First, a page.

The Wall Street Journal reported: “Facebook took eight years to stage one of the most anticipated initial public offerings ever. The anticlimax came Friday, as Wall Street bankers struggled to prevent the newly minted stock from ending its first day with a loss. The stock had been widely predicted to soar on its first day. Instead, up until the closing moments of the trading session, Facebook’s underwriters battled to keep the stock from slipping below its offering price of $38 a share. Such a stumble would have been a significant embarrassment, particularly for a prominent new issue like Facebook, the most heavily traded IPO of all time.”

Perhaps Facebook could never have lived up to expectations. What other company’s creation has been the subject of a major Hollywood movie? What other company had at its genesis a youth culture driven by self-absorption and the loss of traditional habits of discretion and modesty? But ultimately in the marketplace it is judged by results, and its long-term potential has to be assessed. Maybe the kids will move on to something else. Maybe it really doesn’t generate big bucks for its advertisers. Facebook only “works” if everyone you care about it is on it regularly. But how many people still obsessively check their Facebook account? After checking voicemail, e-mail and Twitter, who has time?

In many respects President Obama is the embodiment of Facebook. He was launched on the strength of young people. He ran, he conceded, as a blank slate (wall?) on which everyone could project their own dreams and aspirations. His success depended on a certain suspension of disbelief, the groupthink that his Zen-like, fortune cookie phrases (“We are the change we have been waiting for”) had deeper meaning and were indicative of a creative approach to governance.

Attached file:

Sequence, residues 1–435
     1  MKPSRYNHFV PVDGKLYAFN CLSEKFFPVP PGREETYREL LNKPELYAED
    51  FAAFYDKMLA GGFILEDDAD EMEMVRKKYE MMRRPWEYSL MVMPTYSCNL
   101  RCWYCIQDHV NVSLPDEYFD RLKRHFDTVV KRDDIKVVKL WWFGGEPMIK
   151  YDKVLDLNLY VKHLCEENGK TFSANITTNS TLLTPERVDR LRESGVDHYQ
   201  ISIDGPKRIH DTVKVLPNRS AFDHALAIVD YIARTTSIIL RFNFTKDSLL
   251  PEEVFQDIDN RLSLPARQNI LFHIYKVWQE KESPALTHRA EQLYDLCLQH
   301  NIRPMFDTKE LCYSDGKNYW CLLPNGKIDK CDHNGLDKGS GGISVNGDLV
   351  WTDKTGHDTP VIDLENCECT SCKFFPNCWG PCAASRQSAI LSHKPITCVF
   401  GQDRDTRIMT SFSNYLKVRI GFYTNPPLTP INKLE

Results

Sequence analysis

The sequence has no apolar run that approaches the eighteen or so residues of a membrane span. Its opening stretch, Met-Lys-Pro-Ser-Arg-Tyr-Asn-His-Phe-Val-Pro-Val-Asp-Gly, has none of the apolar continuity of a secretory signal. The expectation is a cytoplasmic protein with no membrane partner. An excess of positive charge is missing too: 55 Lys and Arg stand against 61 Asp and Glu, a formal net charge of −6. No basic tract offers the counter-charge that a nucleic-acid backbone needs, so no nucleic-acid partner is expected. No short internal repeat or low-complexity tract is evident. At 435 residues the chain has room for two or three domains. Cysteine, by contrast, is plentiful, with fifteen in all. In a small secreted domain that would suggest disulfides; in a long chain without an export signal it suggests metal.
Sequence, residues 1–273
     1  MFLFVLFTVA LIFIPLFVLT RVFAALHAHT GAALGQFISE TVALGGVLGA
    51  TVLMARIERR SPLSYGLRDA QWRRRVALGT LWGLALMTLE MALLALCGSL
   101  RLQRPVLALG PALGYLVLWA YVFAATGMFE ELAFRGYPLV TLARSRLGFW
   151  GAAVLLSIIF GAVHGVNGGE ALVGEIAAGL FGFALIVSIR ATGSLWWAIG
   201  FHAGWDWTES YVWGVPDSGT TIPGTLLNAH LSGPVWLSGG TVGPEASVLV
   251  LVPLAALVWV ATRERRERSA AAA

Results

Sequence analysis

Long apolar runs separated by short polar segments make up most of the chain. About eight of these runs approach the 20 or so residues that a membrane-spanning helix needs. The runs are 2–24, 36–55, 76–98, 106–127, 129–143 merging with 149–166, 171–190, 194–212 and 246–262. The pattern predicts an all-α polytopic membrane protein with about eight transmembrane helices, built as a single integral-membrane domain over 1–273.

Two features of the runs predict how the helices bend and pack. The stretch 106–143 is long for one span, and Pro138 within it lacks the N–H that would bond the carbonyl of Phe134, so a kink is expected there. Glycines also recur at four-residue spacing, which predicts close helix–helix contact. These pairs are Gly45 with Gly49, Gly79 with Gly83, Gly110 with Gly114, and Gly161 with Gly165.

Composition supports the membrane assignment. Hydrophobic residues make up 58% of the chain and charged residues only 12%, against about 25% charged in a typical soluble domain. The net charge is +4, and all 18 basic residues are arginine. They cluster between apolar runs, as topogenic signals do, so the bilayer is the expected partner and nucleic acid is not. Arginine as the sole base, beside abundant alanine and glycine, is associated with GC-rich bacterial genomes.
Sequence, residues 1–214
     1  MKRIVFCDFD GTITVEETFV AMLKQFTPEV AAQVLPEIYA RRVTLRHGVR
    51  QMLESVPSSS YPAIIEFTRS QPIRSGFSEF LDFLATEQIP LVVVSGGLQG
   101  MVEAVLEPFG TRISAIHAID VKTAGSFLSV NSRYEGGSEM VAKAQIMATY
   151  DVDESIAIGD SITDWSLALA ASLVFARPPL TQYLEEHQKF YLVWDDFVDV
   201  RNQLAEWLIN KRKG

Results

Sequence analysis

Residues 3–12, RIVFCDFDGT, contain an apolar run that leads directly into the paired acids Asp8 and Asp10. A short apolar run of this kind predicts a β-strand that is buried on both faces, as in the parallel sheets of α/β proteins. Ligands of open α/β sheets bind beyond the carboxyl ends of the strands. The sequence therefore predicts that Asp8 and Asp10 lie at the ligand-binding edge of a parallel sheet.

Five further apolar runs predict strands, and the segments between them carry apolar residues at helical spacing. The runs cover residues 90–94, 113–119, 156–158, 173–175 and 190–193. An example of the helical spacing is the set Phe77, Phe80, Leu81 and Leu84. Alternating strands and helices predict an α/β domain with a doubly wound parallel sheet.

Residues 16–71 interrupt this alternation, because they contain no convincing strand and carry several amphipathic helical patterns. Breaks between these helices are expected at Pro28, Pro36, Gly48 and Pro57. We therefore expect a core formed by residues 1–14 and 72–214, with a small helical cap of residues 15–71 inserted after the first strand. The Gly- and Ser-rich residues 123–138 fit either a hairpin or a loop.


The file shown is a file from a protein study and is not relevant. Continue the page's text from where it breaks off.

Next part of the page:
But Obama didn’t perform as expected. The hype was more than the reality. What wealth had he helped to generate, what was his long-term potential for growth? Not so hot. It turns out he had management problems. His operation was bloated, and costs rose to vastly exceed revenue. People lost interest in him, like any fad. You can’t be an outside rebel up against the establishment when you’re hip deep in Wall Street, can you? Well, you get the idea.

There is a difference, grown-ups know, between style and value. The former is engaging and even intoxicating but by its very nature is fleeting and therefore unsatisfying.

And so it is with the president. Underneath the Spock like-cool is a traditional, entirely predictable liberal whose embrace of big government, disdain for the free market and condescension toward non-elites is indistinguishable from that of the average Ivy League professor. What he attempted (e.g., Keynesian economics, government-centric health care, engaging despots) didn’t work. There was no viable model to justify its valuation. The 2008 electorate is older and wiser, and the new crop of voters is disillusioned. (No matter how special they were told they are, many of them are burdened with debt, unemployed and looking at a future less affluent than that which their parents enjoyed.)

It is Obama’s misfortune to come up against an opponent who is a shrewd businessman, whose career was all about generating (or releasing) underlying value in firms that had suffered from poor management. Now Mitt Romney’s target is Federal Government Inc. He’s convinced that with a steady hand, real cost-cutting and a results-oriented outlook he can create a leaner operation and drain the swamp of red ink. That’s going to require dumping current management. The shareholders, er . . . voters, seem relieved to have spotted an adult leader.